Spectrum Brands' Remington Hot Rollers are at the center of a class action that claims the hairstyling product is defective in that it can heat up to unreasonably dangerous temperatures, posing a burn risk.
Two plaintiffs allege in a proposed class action filed against Spectrum Brands, Inc. that the company’s Remington Hot Rollers suffer from a defect that allows the hairstyling product to heat up to “unreasonably unsafe temperatures” when operated as instructed.
Initially filed in the Court of Common Pleas in Jefferson County, Pennsylvania, the lawsuit, which now resides in district court, explains that the hair rollers are advertised by Spectrum Brands as equipped with a thermal wax core that allows the rollers to retain high heat for longer, creating “long lasting curls and volume.” The product, which comes with 20 “velvety” rollers resting on a metallic base, is also touted by Spectrum Brands as having plastic “Cool Touch Ends” designed for “safe and comfortable use” and to protect users against the thermal wax core heating element in each roller, according to the case.
As the plaintiffs tell it, however, the defendant’s Hot Rollers suffer from a latent defect allows the product to heat up to unreasonably dangerous temperatures. According to the suit, this flaw is coupled with another that allows users’ skin to come into contact with the hot plastic end of the roller and the metal underneath the plastic end cap that can detach from the roller itself during normal use. Spectrum Brand’s so-called “Cool Touch Ends” heat up to a 187 degrees Fahrenheit, the case claims, far too hot to be used when curling hair with a bare hand.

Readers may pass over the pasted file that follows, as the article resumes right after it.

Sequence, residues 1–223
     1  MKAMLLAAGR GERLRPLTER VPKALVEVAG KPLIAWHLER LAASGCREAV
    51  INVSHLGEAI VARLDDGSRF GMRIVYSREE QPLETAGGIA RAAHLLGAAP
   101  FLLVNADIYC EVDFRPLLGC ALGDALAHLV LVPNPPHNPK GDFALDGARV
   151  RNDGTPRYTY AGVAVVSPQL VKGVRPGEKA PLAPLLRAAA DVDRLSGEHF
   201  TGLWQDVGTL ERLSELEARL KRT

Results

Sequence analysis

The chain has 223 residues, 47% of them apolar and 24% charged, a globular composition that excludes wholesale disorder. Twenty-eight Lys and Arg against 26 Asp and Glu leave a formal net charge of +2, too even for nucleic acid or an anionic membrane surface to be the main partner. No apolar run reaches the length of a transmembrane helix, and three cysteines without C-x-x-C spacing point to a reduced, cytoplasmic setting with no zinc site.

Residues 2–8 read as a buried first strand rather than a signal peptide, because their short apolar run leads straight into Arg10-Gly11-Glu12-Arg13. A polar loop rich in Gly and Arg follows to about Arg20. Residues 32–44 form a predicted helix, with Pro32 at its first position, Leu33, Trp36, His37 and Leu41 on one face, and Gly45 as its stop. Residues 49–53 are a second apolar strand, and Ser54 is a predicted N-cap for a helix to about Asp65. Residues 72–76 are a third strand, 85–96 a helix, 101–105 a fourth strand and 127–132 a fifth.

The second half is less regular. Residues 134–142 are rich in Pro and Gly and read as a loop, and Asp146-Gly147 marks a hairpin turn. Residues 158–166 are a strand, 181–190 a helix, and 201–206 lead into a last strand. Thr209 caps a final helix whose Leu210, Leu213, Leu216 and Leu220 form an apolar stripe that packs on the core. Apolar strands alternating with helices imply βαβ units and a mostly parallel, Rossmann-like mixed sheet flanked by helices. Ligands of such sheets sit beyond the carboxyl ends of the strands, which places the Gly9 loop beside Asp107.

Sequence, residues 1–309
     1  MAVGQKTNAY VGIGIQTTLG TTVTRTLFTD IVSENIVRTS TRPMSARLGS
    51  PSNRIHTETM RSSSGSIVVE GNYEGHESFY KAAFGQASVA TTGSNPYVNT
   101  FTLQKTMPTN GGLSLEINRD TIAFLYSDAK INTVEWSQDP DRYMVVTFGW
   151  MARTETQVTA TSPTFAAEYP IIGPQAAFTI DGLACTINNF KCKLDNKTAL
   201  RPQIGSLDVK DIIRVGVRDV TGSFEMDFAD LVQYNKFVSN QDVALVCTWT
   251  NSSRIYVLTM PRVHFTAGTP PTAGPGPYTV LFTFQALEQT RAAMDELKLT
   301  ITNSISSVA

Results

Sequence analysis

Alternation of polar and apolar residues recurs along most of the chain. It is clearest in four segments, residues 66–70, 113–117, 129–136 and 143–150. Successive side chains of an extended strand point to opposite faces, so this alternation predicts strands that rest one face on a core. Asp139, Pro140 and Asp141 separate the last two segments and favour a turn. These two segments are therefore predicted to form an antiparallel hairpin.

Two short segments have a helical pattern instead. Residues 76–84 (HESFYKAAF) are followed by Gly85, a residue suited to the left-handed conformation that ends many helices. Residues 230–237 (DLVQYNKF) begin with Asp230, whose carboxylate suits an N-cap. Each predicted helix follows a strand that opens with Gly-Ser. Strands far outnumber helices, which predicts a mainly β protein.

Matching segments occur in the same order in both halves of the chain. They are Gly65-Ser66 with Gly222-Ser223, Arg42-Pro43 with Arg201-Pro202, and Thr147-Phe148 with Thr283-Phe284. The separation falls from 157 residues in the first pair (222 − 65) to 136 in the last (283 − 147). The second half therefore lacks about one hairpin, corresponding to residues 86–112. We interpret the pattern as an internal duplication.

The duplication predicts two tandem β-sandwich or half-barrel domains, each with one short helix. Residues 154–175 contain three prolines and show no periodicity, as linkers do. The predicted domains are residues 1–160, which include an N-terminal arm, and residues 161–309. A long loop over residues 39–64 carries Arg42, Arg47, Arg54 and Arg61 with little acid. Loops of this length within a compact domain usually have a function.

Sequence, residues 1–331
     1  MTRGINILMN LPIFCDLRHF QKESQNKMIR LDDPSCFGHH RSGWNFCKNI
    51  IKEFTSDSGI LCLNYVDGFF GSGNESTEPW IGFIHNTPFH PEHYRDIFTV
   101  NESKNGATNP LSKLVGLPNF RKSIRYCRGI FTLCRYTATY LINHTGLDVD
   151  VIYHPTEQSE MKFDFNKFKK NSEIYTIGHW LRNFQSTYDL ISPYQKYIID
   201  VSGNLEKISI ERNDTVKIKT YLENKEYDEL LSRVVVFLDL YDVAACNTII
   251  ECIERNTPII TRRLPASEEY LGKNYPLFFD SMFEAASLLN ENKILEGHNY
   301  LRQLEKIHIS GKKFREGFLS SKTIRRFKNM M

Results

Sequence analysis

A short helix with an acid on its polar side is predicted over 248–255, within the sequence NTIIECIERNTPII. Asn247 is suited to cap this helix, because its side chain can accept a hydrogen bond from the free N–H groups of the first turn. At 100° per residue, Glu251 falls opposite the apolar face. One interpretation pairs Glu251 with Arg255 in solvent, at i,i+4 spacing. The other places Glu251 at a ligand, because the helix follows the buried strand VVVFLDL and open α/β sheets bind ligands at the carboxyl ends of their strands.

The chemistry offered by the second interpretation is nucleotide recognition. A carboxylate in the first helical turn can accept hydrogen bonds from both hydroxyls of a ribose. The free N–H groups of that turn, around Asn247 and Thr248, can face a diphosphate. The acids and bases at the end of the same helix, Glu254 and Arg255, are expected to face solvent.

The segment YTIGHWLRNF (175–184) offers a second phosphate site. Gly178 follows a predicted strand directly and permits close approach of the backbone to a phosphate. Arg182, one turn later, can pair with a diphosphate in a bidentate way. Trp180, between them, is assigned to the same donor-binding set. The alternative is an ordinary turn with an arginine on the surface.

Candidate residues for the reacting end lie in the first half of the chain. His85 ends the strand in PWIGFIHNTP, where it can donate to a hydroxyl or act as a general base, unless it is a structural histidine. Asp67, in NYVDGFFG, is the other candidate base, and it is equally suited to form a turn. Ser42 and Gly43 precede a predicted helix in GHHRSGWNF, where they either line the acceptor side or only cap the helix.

The case stresses that consumers are likely unaware of the alleged dangers posed by the rollers. From the complaint:
“No warning or instruction in the Hot Roller Use and Care Guide exists to warn a consumer that the plastic end caps may detach from the rollers; that they must use caution when using the rollers if the plastic end caps are loose and/or detached; and/or that the consumer should avoid contact with the plastic end caps when they detach and also the metallic portion of the roller in the event the plastic end caps detach from the roller."
The complaint goes on to claim that the Hot Rollers can be come hot enough that their temperature exceeds the allowable surface temperature for consumer goods set by the American Society of Testing Materials (ASTM), the organization tasked with standardizing “the determination of acceptable surface operating conditions for heated systems.” The ASTM Standard warns against skin contact with any metal “that exceeds 44 degrees Celsius or 111 degrees Fahrenheit,” the lawsuit states. Moreover, the case points out that the UL standard 859 concerning household electric personal grooming appliances sets the maximum temperature limit for “molded material that is intended to be grasped and held by a bare hand” at 90 degrees Fahrenheit.
Spectrum Brands has known about the high-temperature Hot Roller defect for years, the plaintiffs allege. The consumers, who both say they experienced burns caused by the defendant’s product, argue that they would not have bought the Remington Hot Rollers had they known of the “substantial risk of burns.”